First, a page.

Australia defeated party urged to keep strong climate policy

CANBERRA, Australia (AP) — An opposition review of the Australian conservative government's shock election win has urged the dispirited Labor Party to stick with strong policies on climate change.

Senior Labor Party figures Craig Emerson and Jay Weatherill on Thursday released their report on the reasons why their center-left party lost the May election against the expectations of opinions polls, bookmakers and most federal lawmakers.

One of the major policy differences between Prime Minister Scott Morrison's coalition and Labor was climate change. Labor had pledge to reduce Australia's greenhouse gas emissions by 45% below 2005 levels by 2030 and achieve zero emissions by 2050. The coalition has committed to reduce emissions by 26% to 28% by 2030 and warned that Labor's more ambitious target would wreck the economy.

The 90-page report said Labor needed to increase public awareness of the costs of inaction on climate change, respect workers in Australia's coal and gas industries and reduce electricity prices.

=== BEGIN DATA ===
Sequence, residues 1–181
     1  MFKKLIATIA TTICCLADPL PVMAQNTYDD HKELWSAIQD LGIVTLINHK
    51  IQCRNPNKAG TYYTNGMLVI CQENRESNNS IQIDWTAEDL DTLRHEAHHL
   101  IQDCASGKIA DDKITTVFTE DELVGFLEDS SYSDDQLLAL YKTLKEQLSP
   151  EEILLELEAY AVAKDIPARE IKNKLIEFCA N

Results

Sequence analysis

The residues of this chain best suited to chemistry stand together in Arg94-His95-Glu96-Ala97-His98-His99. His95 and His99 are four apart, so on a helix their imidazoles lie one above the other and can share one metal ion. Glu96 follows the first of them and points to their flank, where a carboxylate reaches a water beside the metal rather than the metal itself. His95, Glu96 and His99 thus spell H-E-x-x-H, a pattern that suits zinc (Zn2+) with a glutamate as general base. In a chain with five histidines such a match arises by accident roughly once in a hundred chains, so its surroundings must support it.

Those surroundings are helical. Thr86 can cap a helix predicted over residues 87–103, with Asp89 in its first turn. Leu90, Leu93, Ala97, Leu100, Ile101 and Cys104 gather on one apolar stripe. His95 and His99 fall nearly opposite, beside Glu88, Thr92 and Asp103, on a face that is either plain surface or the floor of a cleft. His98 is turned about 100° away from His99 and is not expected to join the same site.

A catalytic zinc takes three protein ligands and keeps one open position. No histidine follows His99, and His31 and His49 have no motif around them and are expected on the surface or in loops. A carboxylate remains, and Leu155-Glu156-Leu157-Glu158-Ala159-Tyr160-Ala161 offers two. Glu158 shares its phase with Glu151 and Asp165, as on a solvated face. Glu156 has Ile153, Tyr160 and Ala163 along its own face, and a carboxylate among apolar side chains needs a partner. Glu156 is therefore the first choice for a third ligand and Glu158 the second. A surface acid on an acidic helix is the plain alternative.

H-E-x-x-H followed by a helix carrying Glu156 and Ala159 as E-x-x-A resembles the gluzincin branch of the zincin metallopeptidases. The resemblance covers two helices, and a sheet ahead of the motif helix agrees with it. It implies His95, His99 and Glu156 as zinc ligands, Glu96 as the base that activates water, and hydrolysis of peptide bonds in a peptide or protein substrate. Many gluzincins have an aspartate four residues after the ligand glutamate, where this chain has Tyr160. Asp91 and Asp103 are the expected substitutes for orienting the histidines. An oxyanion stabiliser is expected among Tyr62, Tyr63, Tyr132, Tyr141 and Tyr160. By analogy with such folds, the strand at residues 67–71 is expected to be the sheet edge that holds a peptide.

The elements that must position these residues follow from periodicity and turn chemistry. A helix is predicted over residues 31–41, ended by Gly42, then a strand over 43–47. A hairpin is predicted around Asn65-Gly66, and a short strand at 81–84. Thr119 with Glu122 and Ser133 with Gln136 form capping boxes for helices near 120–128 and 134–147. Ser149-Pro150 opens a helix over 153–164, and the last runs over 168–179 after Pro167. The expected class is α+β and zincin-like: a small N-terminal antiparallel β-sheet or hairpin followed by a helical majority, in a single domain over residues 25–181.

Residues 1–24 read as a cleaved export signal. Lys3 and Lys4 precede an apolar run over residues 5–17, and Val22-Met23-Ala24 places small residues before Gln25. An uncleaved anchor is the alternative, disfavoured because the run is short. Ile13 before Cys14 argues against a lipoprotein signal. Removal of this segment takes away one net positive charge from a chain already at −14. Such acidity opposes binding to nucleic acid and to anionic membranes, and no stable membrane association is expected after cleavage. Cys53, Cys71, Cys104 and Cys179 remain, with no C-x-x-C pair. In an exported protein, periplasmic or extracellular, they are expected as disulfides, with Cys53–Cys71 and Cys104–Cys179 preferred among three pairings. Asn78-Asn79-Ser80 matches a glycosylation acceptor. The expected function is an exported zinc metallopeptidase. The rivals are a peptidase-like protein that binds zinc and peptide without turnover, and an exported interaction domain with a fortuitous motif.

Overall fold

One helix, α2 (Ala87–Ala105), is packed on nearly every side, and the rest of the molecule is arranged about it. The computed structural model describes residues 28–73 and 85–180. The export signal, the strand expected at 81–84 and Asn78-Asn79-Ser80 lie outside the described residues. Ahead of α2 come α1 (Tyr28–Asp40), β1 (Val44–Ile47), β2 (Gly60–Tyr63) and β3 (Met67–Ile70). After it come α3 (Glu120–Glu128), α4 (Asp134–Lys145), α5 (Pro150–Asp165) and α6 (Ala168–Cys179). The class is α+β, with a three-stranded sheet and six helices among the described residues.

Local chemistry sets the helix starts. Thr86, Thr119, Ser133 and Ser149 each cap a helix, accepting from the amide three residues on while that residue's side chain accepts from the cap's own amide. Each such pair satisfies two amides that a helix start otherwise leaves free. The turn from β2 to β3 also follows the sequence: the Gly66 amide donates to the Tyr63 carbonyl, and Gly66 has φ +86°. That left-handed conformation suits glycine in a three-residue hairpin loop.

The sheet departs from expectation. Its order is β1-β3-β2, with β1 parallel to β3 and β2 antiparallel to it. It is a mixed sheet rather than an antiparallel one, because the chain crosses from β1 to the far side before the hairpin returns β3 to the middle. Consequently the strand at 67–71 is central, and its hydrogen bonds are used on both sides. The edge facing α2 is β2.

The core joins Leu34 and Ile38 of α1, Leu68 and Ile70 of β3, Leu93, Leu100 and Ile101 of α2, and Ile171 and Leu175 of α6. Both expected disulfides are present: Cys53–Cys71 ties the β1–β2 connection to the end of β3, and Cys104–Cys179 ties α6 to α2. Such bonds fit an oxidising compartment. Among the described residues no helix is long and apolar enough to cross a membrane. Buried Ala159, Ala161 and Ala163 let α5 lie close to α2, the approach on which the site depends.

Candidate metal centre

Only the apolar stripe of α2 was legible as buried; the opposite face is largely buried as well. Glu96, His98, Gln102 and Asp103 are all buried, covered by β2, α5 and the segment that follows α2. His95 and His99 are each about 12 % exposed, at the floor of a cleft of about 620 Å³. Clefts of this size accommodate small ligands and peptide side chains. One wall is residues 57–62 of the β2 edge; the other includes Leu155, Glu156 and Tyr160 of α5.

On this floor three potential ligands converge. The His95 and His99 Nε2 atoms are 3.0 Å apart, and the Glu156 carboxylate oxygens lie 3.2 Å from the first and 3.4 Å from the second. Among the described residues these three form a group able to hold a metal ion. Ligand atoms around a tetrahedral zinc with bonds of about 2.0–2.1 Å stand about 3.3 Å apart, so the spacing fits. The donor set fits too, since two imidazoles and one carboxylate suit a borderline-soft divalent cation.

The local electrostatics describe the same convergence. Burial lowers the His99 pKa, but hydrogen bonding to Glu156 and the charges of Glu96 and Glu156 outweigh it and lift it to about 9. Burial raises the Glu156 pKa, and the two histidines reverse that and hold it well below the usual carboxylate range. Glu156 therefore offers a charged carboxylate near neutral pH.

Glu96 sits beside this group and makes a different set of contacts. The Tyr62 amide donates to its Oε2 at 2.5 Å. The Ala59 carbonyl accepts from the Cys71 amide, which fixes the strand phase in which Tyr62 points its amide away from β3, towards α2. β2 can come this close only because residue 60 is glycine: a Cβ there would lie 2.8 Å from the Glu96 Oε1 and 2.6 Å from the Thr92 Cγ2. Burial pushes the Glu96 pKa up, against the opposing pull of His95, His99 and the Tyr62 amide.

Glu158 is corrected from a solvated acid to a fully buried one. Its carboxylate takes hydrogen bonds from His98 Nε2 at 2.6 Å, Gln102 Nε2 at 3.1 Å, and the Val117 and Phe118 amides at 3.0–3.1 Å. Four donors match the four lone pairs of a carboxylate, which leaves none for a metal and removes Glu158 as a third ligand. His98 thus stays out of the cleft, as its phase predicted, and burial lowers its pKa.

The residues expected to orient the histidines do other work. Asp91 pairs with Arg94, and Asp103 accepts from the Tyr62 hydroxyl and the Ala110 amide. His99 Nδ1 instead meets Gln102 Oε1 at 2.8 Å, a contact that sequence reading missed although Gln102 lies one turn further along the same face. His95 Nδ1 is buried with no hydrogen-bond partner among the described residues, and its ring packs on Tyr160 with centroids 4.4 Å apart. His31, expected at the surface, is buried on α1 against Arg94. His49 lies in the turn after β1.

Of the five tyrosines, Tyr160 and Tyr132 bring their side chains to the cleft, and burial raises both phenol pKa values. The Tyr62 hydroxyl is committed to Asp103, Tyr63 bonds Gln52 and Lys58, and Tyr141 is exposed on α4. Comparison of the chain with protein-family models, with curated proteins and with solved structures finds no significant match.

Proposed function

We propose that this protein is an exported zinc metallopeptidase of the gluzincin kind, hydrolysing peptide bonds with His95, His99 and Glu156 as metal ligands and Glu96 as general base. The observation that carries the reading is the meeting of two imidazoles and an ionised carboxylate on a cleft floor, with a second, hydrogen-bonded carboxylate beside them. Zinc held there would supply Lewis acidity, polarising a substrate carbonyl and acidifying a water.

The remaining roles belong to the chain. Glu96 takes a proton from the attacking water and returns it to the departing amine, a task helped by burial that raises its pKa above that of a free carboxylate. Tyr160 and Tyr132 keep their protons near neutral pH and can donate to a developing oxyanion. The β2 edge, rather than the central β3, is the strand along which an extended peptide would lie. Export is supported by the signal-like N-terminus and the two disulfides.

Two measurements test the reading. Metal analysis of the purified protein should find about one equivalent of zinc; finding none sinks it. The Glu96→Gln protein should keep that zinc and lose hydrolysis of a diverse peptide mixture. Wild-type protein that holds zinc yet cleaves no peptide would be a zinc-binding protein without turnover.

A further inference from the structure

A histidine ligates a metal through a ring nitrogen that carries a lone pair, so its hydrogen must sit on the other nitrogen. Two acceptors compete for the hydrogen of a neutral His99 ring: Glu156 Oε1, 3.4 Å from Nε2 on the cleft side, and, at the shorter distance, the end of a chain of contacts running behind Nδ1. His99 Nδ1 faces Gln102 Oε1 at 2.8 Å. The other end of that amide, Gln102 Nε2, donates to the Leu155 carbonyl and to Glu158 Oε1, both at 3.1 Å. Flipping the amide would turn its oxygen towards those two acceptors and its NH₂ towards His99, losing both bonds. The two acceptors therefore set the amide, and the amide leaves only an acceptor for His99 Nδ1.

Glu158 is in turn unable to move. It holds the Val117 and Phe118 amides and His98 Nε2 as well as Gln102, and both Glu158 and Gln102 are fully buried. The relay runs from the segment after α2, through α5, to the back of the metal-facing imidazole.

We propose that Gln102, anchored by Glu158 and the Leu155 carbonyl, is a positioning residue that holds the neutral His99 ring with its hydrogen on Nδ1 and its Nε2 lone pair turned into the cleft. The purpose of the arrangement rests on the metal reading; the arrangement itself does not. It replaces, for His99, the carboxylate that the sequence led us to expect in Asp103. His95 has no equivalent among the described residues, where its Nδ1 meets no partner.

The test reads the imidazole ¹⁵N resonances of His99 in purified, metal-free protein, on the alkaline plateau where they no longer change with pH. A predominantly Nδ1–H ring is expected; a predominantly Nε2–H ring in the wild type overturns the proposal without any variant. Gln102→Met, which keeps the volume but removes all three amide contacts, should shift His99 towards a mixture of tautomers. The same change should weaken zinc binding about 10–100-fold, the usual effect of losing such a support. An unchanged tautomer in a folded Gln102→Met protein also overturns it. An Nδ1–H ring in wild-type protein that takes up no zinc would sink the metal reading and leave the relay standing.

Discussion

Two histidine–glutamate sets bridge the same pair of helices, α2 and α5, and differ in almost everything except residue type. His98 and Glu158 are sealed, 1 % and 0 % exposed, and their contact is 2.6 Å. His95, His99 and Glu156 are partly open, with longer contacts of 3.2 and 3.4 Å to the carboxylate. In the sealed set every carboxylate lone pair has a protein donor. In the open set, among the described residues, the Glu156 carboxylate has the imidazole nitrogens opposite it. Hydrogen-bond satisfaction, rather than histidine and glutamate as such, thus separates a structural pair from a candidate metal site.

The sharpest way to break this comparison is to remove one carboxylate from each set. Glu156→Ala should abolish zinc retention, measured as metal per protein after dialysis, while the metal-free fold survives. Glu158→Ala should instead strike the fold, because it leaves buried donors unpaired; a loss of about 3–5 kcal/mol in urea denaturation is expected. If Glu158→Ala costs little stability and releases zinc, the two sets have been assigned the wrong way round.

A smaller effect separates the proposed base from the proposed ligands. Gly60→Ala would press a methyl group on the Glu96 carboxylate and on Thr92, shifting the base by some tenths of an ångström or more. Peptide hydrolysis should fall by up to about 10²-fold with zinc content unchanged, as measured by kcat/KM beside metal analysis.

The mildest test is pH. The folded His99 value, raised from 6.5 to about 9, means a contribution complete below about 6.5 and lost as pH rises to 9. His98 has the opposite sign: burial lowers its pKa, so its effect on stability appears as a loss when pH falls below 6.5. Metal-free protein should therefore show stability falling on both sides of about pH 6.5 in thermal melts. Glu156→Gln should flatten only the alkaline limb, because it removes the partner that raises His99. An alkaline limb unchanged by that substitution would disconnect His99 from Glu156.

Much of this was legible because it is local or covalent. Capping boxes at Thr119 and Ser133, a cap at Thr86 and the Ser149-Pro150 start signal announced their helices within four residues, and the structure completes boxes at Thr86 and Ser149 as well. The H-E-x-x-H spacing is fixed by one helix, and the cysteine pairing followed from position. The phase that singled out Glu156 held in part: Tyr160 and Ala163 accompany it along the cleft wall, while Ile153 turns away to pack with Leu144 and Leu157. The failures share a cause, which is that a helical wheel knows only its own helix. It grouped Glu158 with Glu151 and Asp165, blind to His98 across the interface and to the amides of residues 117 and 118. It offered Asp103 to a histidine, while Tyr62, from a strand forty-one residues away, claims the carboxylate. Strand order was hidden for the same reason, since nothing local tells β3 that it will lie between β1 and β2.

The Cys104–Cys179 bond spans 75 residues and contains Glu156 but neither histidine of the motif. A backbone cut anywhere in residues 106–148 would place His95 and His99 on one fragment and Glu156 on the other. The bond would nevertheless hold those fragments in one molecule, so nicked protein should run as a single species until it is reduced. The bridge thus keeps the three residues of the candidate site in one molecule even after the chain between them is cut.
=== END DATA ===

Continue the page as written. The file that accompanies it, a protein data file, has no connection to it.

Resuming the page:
"The Labor Party must continue to stand for strong action on climate change," Weatherill told reporters. "We believe that this is a bedrock principle for the Labor Party and cannot be abandoned."

Emerson said Labor must continue to support policies that tackle climate change without creating perceptions that such policies "might adversely affect people."

The report leaves the party to decide those new policies.

The review blames Labor's loss on unpopular former opposition leader Bill Shorten, a cluttered policy agenda and the party's failure to adapt its strategy after Morrison replaced former Prime Minister Malcolm Turnbull in the face of dismal opinion polling in August last year.

Shorten was replaced by Anthony Albanese as opposition leader after the election.

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